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|The face of the new Madison putter by Yes! Golf features the company's patented C-Groove face. (Courtesy of Yes! Golf)|
There are three types of golfers in the world when it comes to new equipment.
Type One golfers refuse to try any new sticks that look funny or draw quizzical glances from partners or competitors.
Type Two golfers actually seek out bizarre, er, artistic, clubs: branding-iron putters, square-headed drivers, irons with nubs and bumps and cavities.
Type Three golfers don't give a rip, as long as it works.
I like to think I'm a Type Three, but at heart, I have a soft spot for the ugly duckling that turns out to be a swan.
The explosion in popularity of mallet putters - even on the PGA Tour - makes me think there are more of us Type Two and Type Three golfers out there than was once imagined.
And Yes! Golf's new Madison model is one of the latest examples of the growing "whatever works" attitude.
When I first drew the Madison (MSRP $190) from its magnet-fastened leather headcover, I must admit that my first thought was, "This can't be legal." You see, according to USGA regulations, a putter head cannot be longer front to back than it is heel to toe.
A quick measurement, however, revealed that the Madison is, of course, conforming to the rules of the sport. Nevertheless, when you pull the Madison out for the first time on the green, your playing partners are likely to say the same thing mine did: "That thing is an aircraft carrier!"
And then when you stroke the first putt, and they hear the distinct "clink" produced by the high MOI, hollow-body putter head, they're likely to comment on that, too.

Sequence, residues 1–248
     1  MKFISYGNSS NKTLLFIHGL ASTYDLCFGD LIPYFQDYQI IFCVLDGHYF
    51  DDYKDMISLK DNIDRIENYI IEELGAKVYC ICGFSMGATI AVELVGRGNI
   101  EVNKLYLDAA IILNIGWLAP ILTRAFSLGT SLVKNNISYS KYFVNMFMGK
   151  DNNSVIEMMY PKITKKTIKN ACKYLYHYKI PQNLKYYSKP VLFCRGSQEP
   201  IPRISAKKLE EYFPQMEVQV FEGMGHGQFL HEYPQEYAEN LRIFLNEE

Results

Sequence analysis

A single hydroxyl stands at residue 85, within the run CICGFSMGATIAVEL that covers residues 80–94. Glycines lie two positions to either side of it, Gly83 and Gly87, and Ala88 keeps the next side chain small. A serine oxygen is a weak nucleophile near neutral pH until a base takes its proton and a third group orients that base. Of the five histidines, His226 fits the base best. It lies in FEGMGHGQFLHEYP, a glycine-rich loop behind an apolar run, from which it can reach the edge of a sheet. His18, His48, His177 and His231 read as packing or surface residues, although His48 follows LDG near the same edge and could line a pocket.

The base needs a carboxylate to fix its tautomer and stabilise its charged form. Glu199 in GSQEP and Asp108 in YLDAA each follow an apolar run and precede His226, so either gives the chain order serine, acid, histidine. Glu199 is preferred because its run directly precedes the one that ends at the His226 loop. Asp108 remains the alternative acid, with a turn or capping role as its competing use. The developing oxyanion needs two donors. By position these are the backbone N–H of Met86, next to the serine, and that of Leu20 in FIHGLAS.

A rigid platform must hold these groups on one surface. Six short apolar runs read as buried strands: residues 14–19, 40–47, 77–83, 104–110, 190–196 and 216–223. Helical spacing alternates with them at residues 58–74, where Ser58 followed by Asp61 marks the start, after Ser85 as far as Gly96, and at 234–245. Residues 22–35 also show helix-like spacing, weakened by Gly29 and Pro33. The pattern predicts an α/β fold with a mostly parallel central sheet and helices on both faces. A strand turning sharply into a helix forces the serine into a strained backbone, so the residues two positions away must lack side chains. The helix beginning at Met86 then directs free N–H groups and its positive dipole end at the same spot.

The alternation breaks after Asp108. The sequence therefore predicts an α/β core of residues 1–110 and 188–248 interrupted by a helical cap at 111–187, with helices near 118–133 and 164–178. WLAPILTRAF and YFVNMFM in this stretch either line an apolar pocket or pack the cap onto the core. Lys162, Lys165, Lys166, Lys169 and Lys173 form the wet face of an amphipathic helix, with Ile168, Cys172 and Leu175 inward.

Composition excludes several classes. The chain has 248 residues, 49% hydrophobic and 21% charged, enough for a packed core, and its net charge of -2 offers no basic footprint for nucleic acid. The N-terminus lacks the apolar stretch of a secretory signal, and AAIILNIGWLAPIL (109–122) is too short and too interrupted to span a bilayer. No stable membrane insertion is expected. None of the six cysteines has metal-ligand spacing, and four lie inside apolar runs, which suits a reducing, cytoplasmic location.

In the end, though, when you run in a few long, seeing-eye par and birdie putts, they start to wonder exactly what it is... and if they could, maybe, give it a try.
The Madison, like all Yes! putters, features C-Groove technology, which is a groove pattern on the face that promises to get the ball rolling forward faster, without hopping or skidding. The rest of the technology behind this rather ungainly flat-stick is similar to a metal wood. The enlarged mallet incorporates a hollow head with extreme perimeter weighting to create the highest MOI in the YES! putter line.
The head is made of 304 stainless steel and has a titanium-carbon finish with a head weight of 360 grams. The putter has a double bend shaft and is face balanced. The alignment lines on the top seam of the face along with a ball-width stripe on the top of the putter form a T-square for pretty reliable alignment.
Prior to testing the Madison, I thought I had found a putter that would last me for many years. Yet on the very first stroke with the Madison, I ran in a 13-foot par putt, and began to wonder. Despite a distinct, hollow, tinky sort of sound, the Madison is extremely stable and solid at impact, and no matter how many different kinds of greens I putt on, distance never seems to be an issue. I just "feel" how long the stroke should be.
The extremely long alignment aid behind the putter face is exceptionally effective at ensuring a square set-up, and the weighting promotes a natural pendulum stroke.
In short, even Type One golfers should ask the Madison for a quick dance. They might just find that this ugly duckling turns into a swan on the greens.
For more information, visit www.yesgolf.com, including several other new Yes! models that are more conventional in appearance.
November 3, 2009
Kiel Christianson has lived, worked, traveled and golfed extensively on three continents. As senior writer and equipment editor for WorldGolf.com, he has reviewed courses, resorts, and golf academies from California to Ireland, including his home course, Lake of the Woods G.C. in Mahomet, Illinois. Read his golf blog here.
The 2013 G line of Kenny Giannini putters is made up of five models. All are CNC-milled in the U.S., and all cost $345. Is that lofty price justified? Kiel Christianson took the G-5 Mallet out for a test, and let's just say that Giannini and his artistic flatsticks are set to become much more familiar to the general golfing public.
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